If you ask a poker player whether or not
poker is a game of skill or luck, you're likely to hear skill over luck, and
maybe even the opinion that it's a little bit of both. You're also likely to
hear some players to go so far to say that professional poker is a sport.
And when you stop to take a look at the WSOP, WPT and other high-stakes events
getting televised coverage (ESPN coverage at that), it's hard to argue the case
that poker isn't a sport.
The Poker Players Alliance (PPA) has long
been an advocate of making poker a sport, not to mention legalizing the online
version in the United States since the passing of the Unlawful Internet Gambling
Enforcement Act (UIGEA). Recently making a claim at the same, is the Czech
Association of Poker Clubs (CAPC), which has been working hard at lobbying
government officials to declare the game of poker as a sport.
As reported by the Prague Post this week,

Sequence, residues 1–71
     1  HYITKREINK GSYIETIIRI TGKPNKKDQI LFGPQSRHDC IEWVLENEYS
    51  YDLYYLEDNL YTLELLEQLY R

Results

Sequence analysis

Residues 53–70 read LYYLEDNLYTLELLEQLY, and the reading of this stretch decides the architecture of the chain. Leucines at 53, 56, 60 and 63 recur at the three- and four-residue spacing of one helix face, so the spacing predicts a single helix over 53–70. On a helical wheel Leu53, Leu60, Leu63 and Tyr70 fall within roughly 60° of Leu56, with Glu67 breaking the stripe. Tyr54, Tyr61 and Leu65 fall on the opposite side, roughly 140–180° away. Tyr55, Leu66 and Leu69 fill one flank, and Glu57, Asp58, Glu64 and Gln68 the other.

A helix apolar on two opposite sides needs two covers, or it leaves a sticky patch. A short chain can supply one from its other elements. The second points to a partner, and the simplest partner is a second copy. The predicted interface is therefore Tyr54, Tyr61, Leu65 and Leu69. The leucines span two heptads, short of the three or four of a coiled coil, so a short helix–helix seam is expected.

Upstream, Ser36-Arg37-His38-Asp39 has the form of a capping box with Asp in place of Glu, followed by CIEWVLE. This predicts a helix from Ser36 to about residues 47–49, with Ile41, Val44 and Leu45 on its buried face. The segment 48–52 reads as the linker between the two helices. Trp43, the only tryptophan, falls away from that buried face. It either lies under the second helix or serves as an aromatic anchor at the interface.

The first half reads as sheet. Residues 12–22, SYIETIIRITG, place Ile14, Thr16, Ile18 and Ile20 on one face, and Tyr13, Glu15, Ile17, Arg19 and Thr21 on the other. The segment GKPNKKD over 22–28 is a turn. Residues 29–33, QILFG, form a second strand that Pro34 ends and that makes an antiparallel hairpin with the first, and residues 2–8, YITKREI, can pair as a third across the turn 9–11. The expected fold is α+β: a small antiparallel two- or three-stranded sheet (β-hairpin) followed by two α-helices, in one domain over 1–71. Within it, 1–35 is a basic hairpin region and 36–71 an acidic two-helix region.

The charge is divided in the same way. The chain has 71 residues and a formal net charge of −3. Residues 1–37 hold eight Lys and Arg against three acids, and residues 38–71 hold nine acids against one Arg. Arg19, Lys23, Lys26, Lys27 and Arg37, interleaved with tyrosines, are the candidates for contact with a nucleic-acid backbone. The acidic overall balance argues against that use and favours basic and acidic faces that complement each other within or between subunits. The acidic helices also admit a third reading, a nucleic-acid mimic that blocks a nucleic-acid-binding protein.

the CAPC has engaged the internationally reputed professional services
organization, Ernst and Young, to advise a campaign to make poker legal. And the
way things stand now, there's a plausible chance it could happen.
Officials in the Czechoslovakia Finance
Ministry are allegedly ready and willing to introduce new legislation aimed at
streamlining gambling regulations. With a presentation timeframe set for late
2008, the CAPC is doing everything they can to have a hand in the drafting
process. An uphill battle to say the least, current law does allow poker playing
outside of brick 'n mortar casinos, but without real stakes.
And any serious poker player will tell you
it's all about the stakes. Sure, people play poker for fun. But the Ministry
could not possibly delude itself thinking that real money poker games don't take
place outside of casinos. Like in the U.S. where players continue to gamble on
the internet at online casinos, real money games are going to take place whether
the government says it's okay or not.
The idea is that with proper regulation,
organized crime rings can be prevented. Considering the propensity for crime in
an economically depressed area to begin with, regulation does look tempting.
While there's no doubt that poker has become very popular in a short time period
in Czechoslovakia, the only worry is that not enough Czech's yet view the game
as a serious profession, rather than a lifestyle or diversion.